Derailed (2005)Rated R for strong disturbing violence, language and some sexuality.
Starring Clive Owen, Jennifer Aniston, Vincent Cassel, Melissa George, Addison Timlin, Xzibit, RZA.
LVJeff's Rating: 5/10
Photo ©The Weinstein Company. All rights reserved.
Cheap Thrills with French Villains
What is it with Vincent Cassel being cast in American movies as slimy French villains? In Ocean's Twelve, he played the rival master thief, a snobby, slightly effete bully who viewed a game of oneupmanship as an equivalent to asserting one's manhood. In this new movie, Derailed, he's like the same guy, only meaner -- a condescending creep you can't wait to see get his just desserts. Even though this character speaks with a normal American accent, he can slip in and out of a French accent for the sake of heightening his obnoxiousness. The effect is similar to that of the Euro-jerk character in the last seasons of the TV show Cheers who kept saying to Woody, "I'm going to steal your girlfriend, Woody!"
Cassel's character, Laroche, is actually the driving force in Derailed, even though the main character is Charles, played by Clive Owen. How we react to the French villain along the way is much the same as how we'll react to the movie. At first, Cassell is very effective as a force of pure repulsion, and the movie is at its dirty best in the early, exploitative scenes of his intrusion upon a tryst being held by Charles and a woman named Lucinda (Jennifer Aniston). And as he first keeps coming back, we are further repulsed and perhaps even frightened. But then his appearances turn into something of a joke, and before long we've figured out what's really going on and we're not scared anymore.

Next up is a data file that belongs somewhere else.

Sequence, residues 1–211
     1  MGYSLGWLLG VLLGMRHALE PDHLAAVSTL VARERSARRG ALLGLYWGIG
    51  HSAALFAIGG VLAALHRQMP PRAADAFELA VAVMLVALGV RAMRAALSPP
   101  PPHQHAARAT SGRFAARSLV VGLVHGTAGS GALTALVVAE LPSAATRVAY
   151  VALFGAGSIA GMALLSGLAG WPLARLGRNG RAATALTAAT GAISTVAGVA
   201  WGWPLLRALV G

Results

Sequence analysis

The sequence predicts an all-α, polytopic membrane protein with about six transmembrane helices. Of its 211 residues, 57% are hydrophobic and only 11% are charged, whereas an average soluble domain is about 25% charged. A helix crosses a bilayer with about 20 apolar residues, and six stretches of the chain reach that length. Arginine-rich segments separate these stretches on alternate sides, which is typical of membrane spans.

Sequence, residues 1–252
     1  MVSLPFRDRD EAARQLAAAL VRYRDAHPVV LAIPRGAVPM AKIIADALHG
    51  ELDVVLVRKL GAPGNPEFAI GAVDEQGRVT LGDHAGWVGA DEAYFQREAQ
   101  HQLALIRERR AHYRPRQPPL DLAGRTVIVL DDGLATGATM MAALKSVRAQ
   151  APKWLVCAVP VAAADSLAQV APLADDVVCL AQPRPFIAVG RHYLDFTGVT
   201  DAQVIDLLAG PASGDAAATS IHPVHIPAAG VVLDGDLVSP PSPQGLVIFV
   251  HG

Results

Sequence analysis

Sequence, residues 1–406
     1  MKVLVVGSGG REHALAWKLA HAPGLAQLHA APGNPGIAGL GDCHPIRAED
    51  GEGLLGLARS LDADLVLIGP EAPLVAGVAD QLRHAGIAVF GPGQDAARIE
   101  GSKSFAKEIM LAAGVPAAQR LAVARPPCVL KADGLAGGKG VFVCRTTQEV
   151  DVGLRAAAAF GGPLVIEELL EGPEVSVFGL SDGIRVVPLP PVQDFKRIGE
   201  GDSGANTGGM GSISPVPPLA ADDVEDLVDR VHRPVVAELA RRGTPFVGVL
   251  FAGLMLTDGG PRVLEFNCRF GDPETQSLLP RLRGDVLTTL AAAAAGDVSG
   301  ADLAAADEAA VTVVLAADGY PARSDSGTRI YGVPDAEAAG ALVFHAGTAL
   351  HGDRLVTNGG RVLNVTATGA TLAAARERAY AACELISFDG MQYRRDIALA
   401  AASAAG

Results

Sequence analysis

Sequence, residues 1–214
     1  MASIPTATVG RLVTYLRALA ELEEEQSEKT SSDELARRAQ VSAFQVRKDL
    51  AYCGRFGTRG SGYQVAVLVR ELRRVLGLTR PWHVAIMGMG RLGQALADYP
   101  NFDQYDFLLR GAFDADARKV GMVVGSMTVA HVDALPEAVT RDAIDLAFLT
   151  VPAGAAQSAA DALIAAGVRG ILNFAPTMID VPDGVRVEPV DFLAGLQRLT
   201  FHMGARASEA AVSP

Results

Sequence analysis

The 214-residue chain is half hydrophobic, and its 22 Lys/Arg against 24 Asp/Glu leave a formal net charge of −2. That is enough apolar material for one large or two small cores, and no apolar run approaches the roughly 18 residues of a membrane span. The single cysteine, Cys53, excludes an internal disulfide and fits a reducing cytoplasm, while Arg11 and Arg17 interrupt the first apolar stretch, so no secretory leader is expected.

By the end, Laroche feels like the inane plot device that he is, and Derailed ends up resting squarely in the territory of the contrived. The predictability of the movie becomes its biggest problem -- it opens the windows and lets all the tension out of the room. Novice movie watchers might not see anything coming and be able to enjoy Derailed as the cheap revenge flick that it is, but for those who have seen their fair share of films, this stuff is old hat.
It's a bit of a pity, since Owen works well in his role as a fairly weak man in a movie that seemingly begins as an exploration of the weaknesses of men -- their vulnerability to the fairer sex and their inability to come to terms with any self-perception of impotence, unable, in certain circumstances, to play the role as a protector or provider. Aniston isn't quite as convincing as the other half of this equation, but, to be fair, she does merely play the object. Cassel, meanwhile, as the antagonist, brings ferocity and then smarminess to his role, giving it the perfect effect of a character you both fear and hate. As a force, he's more like the faceless obstacle of the weak man, one that he may never be able to overcome.
But that's as far as it gets before the film heads into very silly territory. After you've figured it all out about a third of the way in, you'll notice that the last acts of the movie don't really make any sense (you may ask yourself, for instance, why didn't the bad guy get the heck out of town?). Then the story starts playing up to the audience's lust for vengeance, and before you know it you have something that feels like a glossy version of a B-movie thriller, one that Adrian Lyne probably would've felt right at home with, complete with slimy, ready-to-be-reviled French guy. Frankly, the story ought to be ashamed of using Francophobia to manipulate American audiences; it's just too easy isn't it? Yeah, Derailed might get you to root for the protagonist, but you're going to feel like you were suckered into it afterwards
©Jeffrey Chen, Nov. 7, 2005